Proper maintenance is the most effective way to prevent faulty components. However, if a component in your HVAC unit is already in bad shape, and you feel a drastic heat difference when you touch your air conditioning, this is a red flag that needs addressing. Contact your HVAC service provider before the problem worsens. Efficient ac repair is crucial to prevent severe damage from escalating.
- Faulty Air Ducts
In this blog, we also address another significant issue. Besides making your home less comfortable, faulty air ducts can also contribute to higher energy bills. If there are leaks or holes along your ducts, your HVAC unit needs to produce more conditioned air to compensate for the air that escaped from the ductwork. This causes your utility bills to go up. In other words, you’re paying for cooled air from your air conditioning that never made its way into your living space.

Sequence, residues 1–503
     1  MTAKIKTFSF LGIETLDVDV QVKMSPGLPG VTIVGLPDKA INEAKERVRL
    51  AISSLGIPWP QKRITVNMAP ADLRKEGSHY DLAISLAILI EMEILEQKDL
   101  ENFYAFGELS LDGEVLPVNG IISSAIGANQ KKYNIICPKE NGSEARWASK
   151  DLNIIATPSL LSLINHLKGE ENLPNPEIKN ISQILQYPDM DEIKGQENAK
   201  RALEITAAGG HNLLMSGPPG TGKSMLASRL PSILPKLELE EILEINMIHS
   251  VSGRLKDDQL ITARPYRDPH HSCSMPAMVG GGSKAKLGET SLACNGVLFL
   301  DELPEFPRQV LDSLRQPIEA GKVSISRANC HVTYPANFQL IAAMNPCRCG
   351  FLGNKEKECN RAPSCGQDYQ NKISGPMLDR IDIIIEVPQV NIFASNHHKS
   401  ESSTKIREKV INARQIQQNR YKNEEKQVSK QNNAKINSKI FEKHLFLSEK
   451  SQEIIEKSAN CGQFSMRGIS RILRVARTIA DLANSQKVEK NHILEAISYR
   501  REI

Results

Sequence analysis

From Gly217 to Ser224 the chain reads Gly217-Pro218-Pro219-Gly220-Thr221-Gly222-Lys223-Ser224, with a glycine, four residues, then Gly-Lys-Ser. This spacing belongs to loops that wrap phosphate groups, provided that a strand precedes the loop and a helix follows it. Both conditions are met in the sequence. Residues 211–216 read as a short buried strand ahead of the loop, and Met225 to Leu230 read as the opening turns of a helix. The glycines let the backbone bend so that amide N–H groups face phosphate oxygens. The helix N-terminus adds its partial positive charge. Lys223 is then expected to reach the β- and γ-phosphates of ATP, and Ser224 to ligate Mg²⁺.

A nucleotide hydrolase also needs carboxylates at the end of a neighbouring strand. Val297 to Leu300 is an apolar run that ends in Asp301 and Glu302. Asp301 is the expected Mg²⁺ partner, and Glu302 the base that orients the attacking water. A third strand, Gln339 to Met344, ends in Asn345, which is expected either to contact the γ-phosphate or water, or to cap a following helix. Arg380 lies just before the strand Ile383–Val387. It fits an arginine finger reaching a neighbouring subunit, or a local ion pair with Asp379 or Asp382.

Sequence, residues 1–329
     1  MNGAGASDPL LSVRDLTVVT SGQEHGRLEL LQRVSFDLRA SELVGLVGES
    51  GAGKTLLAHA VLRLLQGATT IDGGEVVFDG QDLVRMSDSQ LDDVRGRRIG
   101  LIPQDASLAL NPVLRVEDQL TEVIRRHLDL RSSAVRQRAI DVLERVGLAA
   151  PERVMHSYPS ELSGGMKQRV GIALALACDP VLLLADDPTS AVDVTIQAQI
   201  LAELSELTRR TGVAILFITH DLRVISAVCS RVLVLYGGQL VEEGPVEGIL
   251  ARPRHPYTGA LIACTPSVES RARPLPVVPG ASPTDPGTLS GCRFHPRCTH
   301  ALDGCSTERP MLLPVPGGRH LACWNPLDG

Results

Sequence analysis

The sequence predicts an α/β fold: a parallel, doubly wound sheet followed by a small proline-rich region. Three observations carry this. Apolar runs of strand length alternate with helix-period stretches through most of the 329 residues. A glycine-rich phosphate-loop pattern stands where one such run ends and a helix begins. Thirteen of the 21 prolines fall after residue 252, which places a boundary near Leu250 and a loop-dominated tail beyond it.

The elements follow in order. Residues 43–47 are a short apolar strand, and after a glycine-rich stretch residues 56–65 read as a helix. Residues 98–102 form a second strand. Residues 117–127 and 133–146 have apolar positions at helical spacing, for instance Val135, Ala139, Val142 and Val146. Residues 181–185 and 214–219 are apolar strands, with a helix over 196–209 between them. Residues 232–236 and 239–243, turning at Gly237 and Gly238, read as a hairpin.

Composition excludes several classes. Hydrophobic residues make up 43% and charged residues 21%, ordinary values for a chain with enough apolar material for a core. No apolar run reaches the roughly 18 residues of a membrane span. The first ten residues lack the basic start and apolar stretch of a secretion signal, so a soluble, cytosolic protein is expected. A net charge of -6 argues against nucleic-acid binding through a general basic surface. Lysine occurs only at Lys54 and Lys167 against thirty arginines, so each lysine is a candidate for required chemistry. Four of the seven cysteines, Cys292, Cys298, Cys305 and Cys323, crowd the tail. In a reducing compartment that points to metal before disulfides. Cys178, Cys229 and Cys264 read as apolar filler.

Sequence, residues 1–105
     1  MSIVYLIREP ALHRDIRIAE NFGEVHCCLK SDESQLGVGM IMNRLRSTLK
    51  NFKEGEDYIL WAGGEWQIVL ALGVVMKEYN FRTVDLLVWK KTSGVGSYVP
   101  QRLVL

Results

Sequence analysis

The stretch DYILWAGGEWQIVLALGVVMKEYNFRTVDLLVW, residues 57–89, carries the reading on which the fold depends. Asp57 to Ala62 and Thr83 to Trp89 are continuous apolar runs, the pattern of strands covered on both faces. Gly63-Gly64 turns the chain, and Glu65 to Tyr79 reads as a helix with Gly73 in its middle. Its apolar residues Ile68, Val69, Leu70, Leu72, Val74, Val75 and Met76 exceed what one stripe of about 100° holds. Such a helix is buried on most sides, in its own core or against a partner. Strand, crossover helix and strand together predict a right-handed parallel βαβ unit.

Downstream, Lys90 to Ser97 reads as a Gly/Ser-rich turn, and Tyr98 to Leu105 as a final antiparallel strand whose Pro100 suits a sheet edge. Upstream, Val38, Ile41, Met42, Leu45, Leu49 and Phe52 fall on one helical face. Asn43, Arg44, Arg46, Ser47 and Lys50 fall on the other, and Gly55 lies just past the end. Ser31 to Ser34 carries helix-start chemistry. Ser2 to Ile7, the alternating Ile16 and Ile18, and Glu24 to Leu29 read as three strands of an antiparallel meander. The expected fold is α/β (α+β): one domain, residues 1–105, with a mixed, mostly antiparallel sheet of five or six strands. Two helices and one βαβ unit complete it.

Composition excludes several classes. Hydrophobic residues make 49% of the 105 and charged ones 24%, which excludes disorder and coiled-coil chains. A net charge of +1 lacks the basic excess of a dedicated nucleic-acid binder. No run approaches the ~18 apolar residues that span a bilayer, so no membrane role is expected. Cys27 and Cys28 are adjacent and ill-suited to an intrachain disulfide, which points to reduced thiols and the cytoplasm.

Since air ducts are usually hidden behind walls and ceilings, it can be difficult for you to inspect and fix them. To keep your electric bills low, enlist the services of an HVAC technician to have your ducts checked and repaired on a regular basis. According to the Department of Energy, 20 to 30 percent of conditioned air that moves through air ducts in a typical home is lost due to leaks, holes, and loose joints. So, keeping your ducts in good condition can significantly reduce your energy bills.
- Bad Installation
The way your HVAC system was installed can have an impact on its efficiency. Problems that can occur if you didn’t hire the right HVAC contractor to install your air conditioning unit include missing components, poor brazing and welding, bad electrical connections, and non-sealed duct connections. Such problems not only drive up your utility bills; they can also result in ineffective cooling and more frequent breakdowns.
If you aren’t sure whether or not your air conditioner is properly installed, call a reputable HVAC company to perform a thorough inspection. The necessary ac repair needed can be anything ranging from the addition of a component to an extensive re-installation project.